Body/Brain/Mind Interplay: Homeostatic Influences in Motivated Behavior
We stive to understand the neurobiological algorithms with which motivated behavior is responsive not only to external events, but also to the internal physiological state. Our theoretical approach investigates the interaction between the hypothalamic nuclei and the brain reward circuitry, as the neural substrates of homeostatic regulation and reinforcement learning systems, respectively. We integrate these two systems by developing a unified normative theory that gives a physiological definition for reward. This integrative framework gives normative explanations to several behavioral and neurobiological evidence, including temporal discounting of reward, anticipatory responding, extinction burst, modulation of midbrain dopaminergic activity by hypothalamic signals, etc. We are pursuing this framework to understand how internal physiological states shape and influence motivated behavior in social and collective enviroments and how internal states might be inferred from observed behavior.
Keramati, M. and Gutkin, B.S., A Reinforcement Learning Theory for Homeostatic Regulation, NIPS, (2011).
Cognitive Processes with Brain Oscillations: Speech and Working Memory
We build computational models in order to understand the mechanistic role played by the multiple brain oscillations. We focus on two tell tale cognitive operations: working memory and processing of speech.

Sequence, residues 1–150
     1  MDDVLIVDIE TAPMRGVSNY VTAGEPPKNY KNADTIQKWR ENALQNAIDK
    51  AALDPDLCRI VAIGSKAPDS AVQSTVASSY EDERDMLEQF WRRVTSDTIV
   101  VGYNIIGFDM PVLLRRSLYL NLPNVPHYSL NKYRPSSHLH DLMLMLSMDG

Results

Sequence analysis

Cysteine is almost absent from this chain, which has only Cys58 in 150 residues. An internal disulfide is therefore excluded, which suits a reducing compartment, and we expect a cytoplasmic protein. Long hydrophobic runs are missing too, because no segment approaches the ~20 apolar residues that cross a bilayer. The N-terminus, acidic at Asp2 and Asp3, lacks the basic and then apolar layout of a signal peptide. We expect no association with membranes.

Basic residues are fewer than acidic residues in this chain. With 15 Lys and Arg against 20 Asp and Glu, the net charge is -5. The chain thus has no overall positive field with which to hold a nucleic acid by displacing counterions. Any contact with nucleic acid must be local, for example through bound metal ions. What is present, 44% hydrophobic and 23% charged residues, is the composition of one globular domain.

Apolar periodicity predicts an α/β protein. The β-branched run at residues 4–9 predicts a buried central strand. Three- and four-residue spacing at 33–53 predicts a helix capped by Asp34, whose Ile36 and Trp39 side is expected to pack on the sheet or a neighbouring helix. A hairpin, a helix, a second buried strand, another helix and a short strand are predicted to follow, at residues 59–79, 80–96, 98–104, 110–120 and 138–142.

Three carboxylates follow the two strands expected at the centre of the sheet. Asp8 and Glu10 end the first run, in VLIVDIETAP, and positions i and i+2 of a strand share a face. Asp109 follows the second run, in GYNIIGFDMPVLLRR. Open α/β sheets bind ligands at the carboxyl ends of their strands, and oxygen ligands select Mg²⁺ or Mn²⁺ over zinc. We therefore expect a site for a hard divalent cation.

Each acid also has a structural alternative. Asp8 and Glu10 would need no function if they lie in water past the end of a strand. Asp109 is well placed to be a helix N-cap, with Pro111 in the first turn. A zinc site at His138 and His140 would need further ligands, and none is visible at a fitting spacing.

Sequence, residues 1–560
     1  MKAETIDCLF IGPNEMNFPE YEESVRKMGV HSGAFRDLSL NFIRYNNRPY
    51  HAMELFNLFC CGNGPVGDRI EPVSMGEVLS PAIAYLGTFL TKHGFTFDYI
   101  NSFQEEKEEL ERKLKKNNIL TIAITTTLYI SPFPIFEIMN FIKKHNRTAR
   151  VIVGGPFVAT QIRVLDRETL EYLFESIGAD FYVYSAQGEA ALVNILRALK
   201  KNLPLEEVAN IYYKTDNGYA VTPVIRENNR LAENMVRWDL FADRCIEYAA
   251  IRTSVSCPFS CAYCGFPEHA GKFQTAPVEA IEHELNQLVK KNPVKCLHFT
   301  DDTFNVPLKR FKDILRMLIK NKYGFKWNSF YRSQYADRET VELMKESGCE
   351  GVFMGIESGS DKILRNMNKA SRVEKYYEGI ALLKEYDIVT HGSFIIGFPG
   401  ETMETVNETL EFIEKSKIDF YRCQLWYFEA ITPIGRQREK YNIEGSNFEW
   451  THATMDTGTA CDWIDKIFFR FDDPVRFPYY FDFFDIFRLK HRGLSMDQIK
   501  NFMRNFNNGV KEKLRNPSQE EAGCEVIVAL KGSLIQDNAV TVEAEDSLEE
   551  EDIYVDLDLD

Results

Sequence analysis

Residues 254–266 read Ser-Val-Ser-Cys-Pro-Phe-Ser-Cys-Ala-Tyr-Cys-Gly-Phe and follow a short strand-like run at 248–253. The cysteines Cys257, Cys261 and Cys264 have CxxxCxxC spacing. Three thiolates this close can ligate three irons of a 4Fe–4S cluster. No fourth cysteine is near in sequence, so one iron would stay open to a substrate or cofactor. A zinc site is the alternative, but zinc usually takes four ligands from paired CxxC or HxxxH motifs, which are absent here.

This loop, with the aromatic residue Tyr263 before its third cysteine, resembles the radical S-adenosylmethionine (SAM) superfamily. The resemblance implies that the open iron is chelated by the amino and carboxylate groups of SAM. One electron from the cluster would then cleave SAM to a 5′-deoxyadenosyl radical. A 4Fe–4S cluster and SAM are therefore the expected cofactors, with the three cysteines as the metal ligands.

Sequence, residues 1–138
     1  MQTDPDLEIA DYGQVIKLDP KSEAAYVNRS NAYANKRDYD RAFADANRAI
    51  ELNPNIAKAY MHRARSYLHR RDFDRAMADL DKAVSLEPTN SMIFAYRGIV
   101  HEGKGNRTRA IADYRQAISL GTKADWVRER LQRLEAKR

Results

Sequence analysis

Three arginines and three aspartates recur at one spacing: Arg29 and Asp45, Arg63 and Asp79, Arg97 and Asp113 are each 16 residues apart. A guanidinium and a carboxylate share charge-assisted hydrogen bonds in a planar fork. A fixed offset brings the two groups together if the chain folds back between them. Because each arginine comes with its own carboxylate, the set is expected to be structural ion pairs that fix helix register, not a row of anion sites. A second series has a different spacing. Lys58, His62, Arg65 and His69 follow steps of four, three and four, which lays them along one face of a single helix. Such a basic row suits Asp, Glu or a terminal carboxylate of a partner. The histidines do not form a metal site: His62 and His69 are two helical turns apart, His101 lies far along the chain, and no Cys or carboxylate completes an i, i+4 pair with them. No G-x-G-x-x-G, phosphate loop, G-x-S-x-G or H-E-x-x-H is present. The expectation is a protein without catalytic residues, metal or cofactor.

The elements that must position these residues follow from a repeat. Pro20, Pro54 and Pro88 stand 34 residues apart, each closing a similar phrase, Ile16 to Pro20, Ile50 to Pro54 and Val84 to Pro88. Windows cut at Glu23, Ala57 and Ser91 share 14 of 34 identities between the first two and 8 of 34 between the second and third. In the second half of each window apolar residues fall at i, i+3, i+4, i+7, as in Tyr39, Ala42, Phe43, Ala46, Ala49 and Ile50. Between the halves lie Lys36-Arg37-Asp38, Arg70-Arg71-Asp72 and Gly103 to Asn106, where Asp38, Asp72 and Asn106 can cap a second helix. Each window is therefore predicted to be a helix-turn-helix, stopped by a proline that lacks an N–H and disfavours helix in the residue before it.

Working memory is an active information maintenance and use process that is at the very heart of our cognitive abilities. We are studying how different brain rhythms implement various operations necessary for working memory. We develop models to look at the the influence of coherent oscillations and background noise correlations on the stbility of persistent activity. Our models show that both change the memory state from an attractor to a slow transient, with the characteristic life times dependent on the statistics of the background activity and the parameters of the oscillations. We are pursuing the hypotheses that different oscillatory frequency bands, at equal coherence, have a differential effect on the ability of transient stimuli to activate the memory state and an a priori memory state to be deactivated. We are exploring how the oscillation set working memory buffers into different dynamical gating modes allowing underling information loading, selective maintenance and use. We develop detailed models of cortical circuits and perform mathematical analysis to discover the central governing principles of oscillatory working memory.